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Posts tagged "6th Circuit"

Deschamps v. Bridgestone Americas, No. 15-6112 (6th Cir. Oct. 19, 2016)

An employer that deliberately, or with gross negligence, misinforms employees about potential retirement benefits - inducing them to remain with the company - may find itself on the hook to compensate those employees for lost opportunities. In this case, the Sixth Circuit affirms an ERISA judgment against a manufacturer and its retirement plan for equitable estoppel, breach of fiduciary duty, and an anti-cutback violation of ERISA.

Smith v. LexisNexis Screening Solutions, No. 15-2329 (6th Cir. Sept. 13, 2016)

The Sixth Circuit reviews and affirms a $75,000 jury verdict for a job applicant whose employment background check was negligently performed, but vacates an award for punitive damages, under the Fair Credit Reporting Act (FCRA). The case involves a scenario where an applicant's common first and last names triggered a false criminal report.

Szeinbach v. The Ohio State Univ., No. 15-3016 (6th Cir. Apr. 20, 2016)

The Sixth Circuit holds, in an opinion that potentially expands remedies for Title VII claimants, that a back-pay award may include amounts that an employee could have earned from alternative employment, had the employer not engaged in discrimination or retaliation. Nonetheless, the court holds that the employee in this particular case failed to prove that she suffered such damages.

Smith v. Rock-Tenn Services, Inc., No. 15-5534 (6th Cir. Feb. 10, 2016)

The Sixth Circuit affirms a $300,000 judgment for the male victim of same-sex harassment under Title VII. The panel underscores the imperative for employers to be vigilant against complaints of sexual contact, even when the conduct (in a male-dominated workplace) might be characterized by some as "horseplay."

Howe v. City of Akron, No. 14-3352 (6th Cir. Sept. 17, 2015)

A long-running disparate impact case challenging promotions of firefighters to the ranks of Lieutenant and Captain is remanded by the Sixth Circuit for a third trial to award back pay, and the panel reassigns the case to a new judge for good measure. The panel has valuable things to say about how to calculate monetary make-whole relief. It also affirms injunctive relief, and appointment of a monitor, to purge the city's violation.

Yazdian v. ConMed Endoscopic Tech., Inc., No. 14-3745 (6th Cir. July 14, 2015)

How much credence must a district court give to an employer's argument in a Title VII retaliation case that the employee was terminated not for his protected activity, but because of his tone of voice, insubordination and "unprofessional behavior" in making his complaints. The Sixth Circuit reverses summary judgment (in part), holding that such generalized reasons so closely related to a protected activity cannot be resolved by a judge and must be evaluated by a jury.

Rhinehimer v. U.S. Bancorp Investments, Inc., No. 13-6641 (6th Cir. May 28, 2015)

Upholding a jury verdict in favor of a former U.S. Bancorp certified financial planner, the Sixth Circuit adopts the majority rule under the Sarbanes-Oxley Act (SOX) that - for a retaliation claim - employees need only show that that they had an objectively reasonable belief, based on a totality of the circumstances, that they were reporting actionable fraud to a supervisor under § 1514A(a)(1). The panel rejects a standard, previously adopted in a nonprecedential opinion, that the employee's complaint "must definitively and specifically relate to one of the six enumerated categories" of fraud by "approximat[ing] the basic elements" of the fraud claim.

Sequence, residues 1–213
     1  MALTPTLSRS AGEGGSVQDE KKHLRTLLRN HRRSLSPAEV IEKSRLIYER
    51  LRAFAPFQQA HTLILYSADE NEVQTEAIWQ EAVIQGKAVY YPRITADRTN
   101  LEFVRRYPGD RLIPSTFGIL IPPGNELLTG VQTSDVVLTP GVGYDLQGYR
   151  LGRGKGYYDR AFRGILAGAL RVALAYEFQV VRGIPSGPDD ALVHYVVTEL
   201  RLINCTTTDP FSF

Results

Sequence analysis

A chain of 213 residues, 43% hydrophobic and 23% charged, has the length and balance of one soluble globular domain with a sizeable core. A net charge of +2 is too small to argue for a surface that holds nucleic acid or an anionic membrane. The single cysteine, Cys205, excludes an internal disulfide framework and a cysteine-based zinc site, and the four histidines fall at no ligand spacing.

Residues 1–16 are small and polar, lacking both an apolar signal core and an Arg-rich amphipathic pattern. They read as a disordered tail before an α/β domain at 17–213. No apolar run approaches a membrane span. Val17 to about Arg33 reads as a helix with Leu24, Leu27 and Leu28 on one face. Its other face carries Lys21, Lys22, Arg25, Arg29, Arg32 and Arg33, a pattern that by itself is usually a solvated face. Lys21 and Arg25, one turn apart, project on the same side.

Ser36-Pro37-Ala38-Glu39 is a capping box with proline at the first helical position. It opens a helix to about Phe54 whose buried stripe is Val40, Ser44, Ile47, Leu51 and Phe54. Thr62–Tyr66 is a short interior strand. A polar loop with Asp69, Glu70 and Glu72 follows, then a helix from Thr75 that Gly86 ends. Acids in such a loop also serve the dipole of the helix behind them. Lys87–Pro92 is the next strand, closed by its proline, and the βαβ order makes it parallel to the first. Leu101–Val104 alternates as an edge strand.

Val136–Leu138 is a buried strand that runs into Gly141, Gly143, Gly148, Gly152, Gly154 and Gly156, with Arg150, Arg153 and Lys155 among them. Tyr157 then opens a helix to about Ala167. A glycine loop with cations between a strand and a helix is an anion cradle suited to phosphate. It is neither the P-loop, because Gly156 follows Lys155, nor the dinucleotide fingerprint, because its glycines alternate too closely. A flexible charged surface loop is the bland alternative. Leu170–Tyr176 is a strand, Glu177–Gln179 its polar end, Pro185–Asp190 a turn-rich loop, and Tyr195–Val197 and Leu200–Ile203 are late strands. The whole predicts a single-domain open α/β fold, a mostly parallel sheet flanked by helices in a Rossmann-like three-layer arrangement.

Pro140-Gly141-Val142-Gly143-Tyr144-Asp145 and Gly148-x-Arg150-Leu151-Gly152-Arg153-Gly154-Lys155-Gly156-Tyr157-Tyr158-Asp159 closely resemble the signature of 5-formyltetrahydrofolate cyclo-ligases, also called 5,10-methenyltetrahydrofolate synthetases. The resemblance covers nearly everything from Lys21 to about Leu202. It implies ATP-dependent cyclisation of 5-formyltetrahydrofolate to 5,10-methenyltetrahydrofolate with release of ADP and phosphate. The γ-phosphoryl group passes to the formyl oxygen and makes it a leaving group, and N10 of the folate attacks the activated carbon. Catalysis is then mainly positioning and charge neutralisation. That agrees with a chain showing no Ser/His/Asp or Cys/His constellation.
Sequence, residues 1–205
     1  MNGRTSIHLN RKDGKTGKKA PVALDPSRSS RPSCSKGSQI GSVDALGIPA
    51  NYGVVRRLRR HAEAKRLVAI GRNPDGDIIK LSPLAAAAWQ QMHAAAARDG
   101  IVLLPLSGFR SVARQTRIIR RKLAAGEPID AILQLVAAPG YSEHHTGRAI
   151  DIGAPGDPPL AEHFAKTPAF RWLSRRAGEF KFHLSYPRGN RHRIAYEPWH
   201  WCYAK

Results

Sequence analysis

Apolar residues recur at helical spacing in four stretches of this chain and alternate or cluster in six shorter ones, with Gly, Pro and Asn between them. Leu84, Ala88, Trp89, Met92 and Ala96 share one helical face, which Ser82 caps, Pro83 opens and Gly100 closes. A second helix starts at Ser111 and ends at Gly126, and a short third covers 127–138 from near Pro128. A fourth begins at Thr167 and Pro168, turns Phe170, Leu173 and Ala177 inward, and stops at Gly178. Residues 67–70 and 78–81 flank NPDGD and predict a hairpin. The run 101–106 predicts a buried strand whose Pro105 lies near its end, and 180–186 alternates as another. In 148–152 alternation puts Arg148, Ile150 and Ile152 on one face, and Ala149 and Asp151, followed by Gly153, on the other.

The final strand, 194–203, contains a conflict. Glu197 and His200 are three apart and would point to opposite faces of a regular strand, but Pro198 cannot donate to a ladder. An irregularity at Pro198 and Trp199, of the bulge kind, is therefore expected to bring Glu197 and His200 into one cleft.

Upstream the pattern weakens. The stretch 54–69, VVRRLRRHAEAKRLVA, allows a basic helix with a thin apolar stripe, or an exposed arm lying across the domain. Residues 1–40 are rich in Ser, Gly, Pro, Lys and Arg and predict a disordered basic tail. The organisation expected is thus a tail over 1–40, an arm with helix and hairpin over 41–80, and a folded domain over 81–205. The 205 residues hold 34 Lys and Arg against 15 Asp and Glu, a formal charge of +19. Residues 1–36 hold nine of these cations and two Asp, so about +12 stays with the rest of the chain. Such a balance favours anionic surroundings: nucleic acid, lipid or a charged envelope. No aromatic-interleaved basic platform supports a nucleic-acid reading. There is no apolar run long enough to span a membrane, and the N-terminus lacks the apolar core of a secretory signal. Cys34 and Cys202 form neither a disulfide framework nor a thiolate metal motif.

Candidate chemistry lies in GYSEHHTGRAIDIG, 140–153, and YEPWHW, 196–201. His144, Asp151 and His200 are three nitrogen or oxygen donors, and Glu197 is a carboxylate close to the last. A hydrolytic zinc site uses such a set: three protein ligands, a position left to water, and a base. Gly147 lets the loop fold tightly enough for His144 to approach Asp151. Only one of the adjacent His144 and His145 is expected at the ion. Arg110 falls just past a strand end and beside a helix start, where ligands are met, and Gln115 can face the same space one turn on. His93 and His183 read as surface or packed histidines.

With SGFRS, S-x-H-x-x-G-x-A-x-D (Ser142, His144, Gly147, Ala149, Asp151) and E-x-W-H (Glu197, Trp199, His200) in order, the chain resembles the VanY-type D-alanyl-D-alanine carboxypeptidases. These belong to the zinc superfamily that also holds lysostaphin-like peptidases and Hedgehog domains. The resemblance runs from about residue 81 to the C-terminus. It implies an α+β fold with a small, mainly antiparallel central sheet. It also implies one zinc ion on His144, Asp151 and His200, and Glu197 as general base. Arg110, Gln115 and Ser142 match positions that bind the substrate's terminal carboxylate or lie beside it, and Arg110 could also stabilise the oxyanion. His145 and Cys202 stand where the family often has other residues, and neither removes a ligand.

Wheat v. Fifth Third Bank, No. 13-4199 (6th Cir. May 7, 2015)

When two employees fight, employers face the challenge of making the discipline fit the crime - and, also, avoiding racial or other bias. The Sixth Circuit calls out management in one such case today, concerning a black plaintifff fired supposedly for engaging in a fight, while the white employee in the same fight was disciplined only belatedly.

EEOC v. New Breed Logistics, No. 13-6250 (6th Cir. Apr. 22, 2015)

The Sixth Circuit chalks up a big win for the EEOC, affirming a jury verdict for four employees awarding compensatory and punitive damages totaling over $1.5 million. The court upholds the rule that telling a sexually-harassing supervisor to cut-it-out is protected "opposition" activity under Title VII, and will support a claim for retaliation. The opinion also highlights the kind of trouble employers can get into when they fail to treat temporary employees as a full-fledged part of the workforce.

Kroll v. White Lake Ambulance, No. 13-1774 (6th Cir. Aug. 19, 2014)

So far, there has been relatively little case law on the question of when, under Title I of the Americans with Disabilities Act, an employer's medical examination may be deemed job-related and consistent with business necessity under the provisions of 42 U.S.C. § 12112(d)(4)(A). The Sixth Circuit - nearly two years to the day after its first opinion in this long-running case - remands the claim a second time for a jury trial on this issue.

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